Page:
Xbox Showcase was a great crowd-pleaser — but leaves us waiting for next year

Patrick Dane
rcus Fenix and Dominic Santiago in Gears of War E-Day.

The Xbox Showcase felt like a needed win by the green brand. The platform has had challenges in recent months, with Hellblade 2 having a cooler critical response than it’d hoped, alongside the closures of Arkane Austin and Tango Gameworks, letting go of two talented studios and all of their developers. 

This showcase felt like a good way for the platform to draw a line in the sand and try to chart the future, though. It also had the luxury of PlayStation dropping a disappointing State of Play just last week, making Xbox look much, much better during this ‘Not-E3’ period. 

That’s important, too. With E3 now canceled and Summer Game Fest feeling some ways off the magnitude of events of old, Microsoft’s showing is refreshing. It remains a relic of a bygone age, but an age there is a hunger for. While Nintendo and Sony may prefer several smaller shows throughout the year, Xbox gets to monopolize the time of year that people still associate with “when all the video games get announced.”

It was a pretty great show, too. What Microsoft brought to the showcase could easily stand shoulder to shoulder with what it offered at any of the previous E3s for the last decade. There is a lot to like here, and it’s beginning to feel like we’re finally seeing that finalized future of a unified Xbox, Bethesda, and Activision Blizzard. It’s been a reminder of just how much IP the platform now wields.

The Xbox Showcase was impressive 

We saw the return of a lot of games that had been lost in the Xbox void for some time. Perfect Dark was a real surprise, as that game has been mostly silent since 2020, when it was revealed. It had been rumored to be wracked with development issues and rebooted, but what was shown looks great and, crucially, feels like Perfect Dark. Fable also reemerged in stunning fashion. The in-game work looked exceptional, and it retained the heart of that series — with the British, dry humor really filtering through. 

Speaking of escaping the void, while not an Xbox-specific title, we also saw Dragon Age: The Veilguard. The game has reportedly been in the works since 2015. It was even publicly revealed in 2018 — but Bioware’s fantasy RPG finally resurfaced, and it looks like we’re getting closer to it actually being in our hands.

That’s not even to talk about potentially the biggest announcement of the night: Gears of War: E-Day. It seems Microsoft is preparing to head back in time and give players more time with Marcus and Dom as it plans to explore the two’s struggle through the titular E-Day, where the locusts erupted from beneath the surface of Sera. 

I’ve not even mentioned Doom: The Dark Ages, Indiana Jones: The Great Circle, Age of Mythologies, Avowed, Microsoft Flight Simulator 2024, South of Midnight, State of Decay 3, STALKER 2, Diablo 4: The Vessel of Hatred, or World of Warcraft: The War Within, Call of Duty: Black Ops 6 or the Starfield DLC. You can’t argue with that slate. It’s impressive, and as mentioned, these three once separate entities are finally beginning to feel like a cohesive whole. That’s a positive future for the brand to build upon in the coming years.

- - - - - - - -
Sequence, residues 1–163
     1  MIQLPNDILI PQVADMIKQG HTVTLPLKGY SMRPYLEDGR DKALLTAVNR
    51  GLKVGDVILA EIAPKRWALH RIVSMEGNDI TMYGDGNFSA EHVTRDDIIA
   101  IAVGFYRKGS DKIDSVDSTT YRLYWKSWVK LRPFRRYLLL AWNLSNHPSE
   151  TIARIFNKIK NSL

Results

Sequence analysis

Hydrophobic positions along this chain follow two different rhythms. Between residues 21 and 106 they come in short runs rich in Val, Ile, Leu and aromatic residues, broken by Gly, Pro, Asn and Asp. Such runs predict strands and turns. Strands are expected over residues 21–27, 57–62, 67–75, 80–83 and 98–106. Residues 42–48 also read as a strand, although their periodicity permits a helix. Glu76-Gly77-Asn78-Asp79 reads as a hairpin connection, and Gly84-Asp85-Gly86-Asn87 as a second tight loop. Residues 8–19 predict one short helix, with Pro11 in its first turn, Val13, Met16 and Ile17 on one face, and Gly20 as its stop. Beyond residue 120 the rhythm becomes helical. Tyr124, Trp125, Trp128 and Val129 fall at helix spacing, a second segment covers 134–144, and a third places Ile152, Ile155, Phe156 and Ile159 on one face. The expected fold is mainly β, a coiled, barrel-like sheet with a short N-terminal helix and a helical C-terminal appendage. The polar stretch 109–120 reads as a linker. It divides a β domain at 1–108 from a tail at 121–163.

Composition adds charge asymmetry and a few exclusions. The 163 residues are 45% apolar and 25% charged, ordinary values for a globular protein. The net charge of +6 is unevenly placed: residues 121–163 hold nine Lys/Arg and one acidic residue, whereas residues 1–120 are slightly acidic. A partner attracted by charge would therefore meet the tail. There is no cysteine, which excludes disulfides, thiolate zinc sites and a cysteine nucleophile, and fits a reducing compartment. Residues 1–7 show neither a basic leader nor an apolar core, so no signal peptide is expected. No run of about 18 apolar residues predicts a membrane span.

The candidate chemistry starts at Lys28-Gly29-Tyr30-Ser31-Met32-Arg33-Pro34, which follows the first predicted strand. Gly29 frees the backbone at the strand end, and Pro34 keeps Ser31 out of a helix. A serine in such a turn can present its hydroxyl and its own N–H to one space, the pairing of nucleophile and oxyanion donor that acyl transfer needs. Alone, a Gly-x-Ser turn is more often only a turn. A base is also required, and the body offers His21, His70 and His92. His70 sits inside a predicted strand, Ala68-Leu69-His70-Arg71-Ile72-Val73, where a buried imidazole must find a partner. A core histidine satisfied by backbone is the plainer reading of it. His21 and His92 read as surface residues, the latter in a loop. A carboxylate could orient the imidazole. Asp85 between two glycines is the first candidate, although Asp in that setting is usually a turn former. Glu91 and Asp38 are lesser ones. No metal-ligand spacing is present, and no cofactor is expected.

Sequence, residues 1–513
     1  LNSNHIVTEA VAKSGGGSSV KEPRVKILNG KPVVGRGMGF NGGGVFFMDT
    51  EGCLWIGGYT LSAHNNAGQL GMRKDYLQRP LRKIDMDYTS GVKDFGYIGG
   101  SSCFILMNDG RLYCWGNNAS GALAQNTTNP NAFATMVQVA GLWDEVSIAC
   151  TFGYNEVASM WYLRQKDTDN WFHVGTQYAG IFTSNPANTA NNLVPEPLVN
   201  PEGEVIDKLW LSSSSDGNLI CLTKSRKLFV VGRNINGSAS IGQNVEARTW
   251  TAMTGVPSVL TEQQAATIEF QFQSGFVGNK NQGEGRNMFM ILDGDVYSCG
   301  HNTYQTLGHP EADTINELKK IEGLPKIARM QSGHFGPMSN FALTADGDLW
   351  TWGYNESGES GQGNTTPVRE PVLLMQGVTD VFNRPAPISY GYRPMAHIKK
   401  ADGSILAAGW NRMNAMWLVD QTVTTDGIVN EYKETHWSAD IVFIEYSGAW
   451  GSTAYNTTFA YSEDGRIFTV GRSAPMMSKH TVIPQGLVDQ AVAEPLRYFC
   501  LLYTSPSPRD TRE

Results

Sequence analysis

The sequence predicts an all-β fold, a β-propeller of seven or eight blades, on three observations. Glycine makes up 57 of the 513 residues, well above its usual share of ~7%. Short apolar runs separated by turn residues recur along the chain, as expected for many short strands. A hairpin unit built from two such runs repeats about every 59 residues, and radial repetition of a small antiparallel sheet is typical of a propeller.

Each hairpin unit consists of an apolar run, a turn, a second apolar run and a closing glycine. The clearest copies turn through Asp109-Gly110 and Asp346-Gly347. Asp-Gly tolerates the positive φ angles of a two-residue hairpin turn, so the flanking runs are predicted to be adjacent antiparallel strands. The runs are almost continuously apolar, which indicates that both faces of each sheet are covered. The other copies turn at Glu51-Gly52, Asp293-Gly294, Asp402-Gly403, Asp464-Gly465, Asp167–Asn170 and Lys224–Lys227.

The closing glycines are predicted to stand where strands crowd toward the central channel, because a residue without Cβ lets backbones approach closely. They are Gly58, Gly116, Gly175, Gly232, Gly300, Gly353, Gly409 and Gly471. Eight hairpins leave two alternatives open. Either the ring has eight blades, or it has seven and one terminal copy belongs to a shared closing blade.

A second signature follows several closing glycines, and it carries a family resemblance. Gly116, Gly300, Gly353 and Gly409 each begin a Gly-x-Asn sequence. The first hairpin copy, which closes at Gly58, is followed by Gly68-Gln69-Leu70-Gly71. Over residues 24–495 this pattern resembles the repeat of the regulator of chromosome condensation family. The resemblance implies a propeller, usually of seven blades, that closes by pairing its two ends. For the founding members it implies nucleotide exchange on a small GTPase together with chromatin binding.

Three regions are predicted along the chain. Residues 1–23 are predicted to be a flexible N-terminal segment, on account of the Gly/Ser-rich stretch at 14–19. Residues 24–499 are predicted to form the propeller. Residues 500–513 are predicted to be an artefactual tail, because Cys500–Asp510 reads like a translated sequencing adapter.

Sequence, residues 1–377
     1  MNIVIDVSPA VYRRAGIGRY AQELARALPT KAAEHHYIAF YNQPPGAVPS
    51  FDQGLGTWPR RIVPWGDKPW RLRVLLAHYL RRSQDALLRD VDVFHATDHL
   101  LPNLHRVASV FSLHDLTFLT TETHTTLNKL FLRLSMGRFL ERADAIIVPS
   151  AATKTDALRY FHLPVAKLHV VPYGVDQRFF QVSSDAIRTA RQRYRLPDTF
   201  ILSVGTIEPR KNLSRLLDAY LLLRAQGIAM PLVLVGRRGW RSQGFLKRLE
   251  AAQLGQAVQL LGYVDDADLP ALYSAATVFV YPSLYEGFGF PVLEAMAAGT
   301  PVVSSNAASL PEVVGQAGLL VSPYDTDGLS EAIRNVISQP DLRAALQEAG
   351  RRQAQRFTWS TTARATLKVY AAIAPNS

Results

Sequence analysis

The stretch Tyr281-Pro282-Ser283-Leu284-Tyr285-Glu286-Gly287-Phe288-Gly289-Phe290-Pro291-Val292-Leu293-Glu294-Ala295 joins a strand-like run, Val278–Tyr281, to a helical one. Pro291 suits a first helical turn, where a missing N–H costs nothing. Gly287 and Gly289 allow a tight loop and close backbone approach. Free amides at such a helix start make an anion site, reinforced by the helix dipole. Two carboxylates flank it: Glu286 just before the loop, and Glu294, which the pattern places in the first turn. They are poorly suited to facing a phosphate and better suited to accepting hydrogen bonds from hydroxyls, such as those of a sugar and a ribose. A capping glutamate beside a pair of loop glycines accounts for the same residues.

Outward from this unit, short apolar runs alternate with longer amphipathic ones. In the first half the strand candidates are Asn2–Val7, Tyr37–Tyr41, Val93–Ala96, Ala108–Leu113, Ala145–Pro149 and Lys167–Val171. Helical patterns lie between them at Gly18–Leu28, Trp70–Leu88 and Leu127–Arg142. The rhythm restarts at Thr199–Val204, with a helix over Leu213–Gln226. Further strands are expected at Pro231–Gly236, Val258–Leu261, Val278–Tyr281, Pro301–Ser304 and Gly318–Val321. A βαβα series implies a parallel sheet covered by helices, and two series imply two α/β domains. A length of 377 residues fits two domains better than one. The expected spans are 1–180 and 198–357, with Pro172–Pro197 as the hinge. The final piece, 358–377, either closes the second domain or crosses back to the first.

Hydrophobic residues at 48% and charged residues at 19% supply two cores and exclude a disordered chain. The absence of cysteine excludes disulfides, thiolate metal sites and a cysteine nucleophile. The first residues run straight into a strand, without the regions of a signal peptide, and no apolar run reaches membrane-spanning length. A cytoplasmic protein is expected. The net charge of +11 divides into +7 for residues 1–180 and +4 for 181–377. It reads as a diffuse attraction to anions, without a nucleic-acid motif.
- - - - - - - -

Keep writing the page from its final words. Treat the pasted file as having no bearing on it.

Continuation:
Waiting for greatness

However, that’s partially the problem, too. A lot of this is in the future. Many of the biggest announcements were greeted with a 2025 release date — or no indication of a release date at all. 2024 is a hangover year for games after both one of the best years in gaming history, and the horrific layoffs seen around the industry. It’s left us with a relatively muted end of the year. Dragon Age: The Veilguard aside, I hoped we’d get a big surprise or two for the coming months — but that’s not materialized.

That’s also unfair to expect. Microsoft putting out Fable or the new Gears of War at the end of the year is a wild hope. It’s also exceptionally consumer-brained to expect big things after such a rough time period for the entire industry. However, at least when it comes to big AAA games from the big two publishers, it feels like both Xbox and PlayStation are going to be having a quieter time this year.

That’s not to say 2024 is going to be devoid of big, exciting releases or that Microsoft had anything short of an impressive showing here. There is still STALKER 2, Assassin’s Creed: Shadows, Call of Duty: Black Ops 6, Dragon Age: The Veilguard, Avowed, and Indiana Jones and the Great Circle in the holiday release period (assuming nothing gets pushed back). That, and as has been the case all year, I’m sure smaller games will pop up out of nowhere to take the gaming community by storm. 

However, when you start looking at what is to come next year and beyond from the biggest gaming platforms, I feel like a kid looking longingly into a candy shop called ‘2025 and beyond’. Xbox had an impressive showing; I just wish it’d gone further in dispelling my feeling this is going to be a quieter year. 

If you’re an Xbox fan, why not check out our list of the 30 best Xbox games ever made? We also have an article listing the greatest video game characters of all time.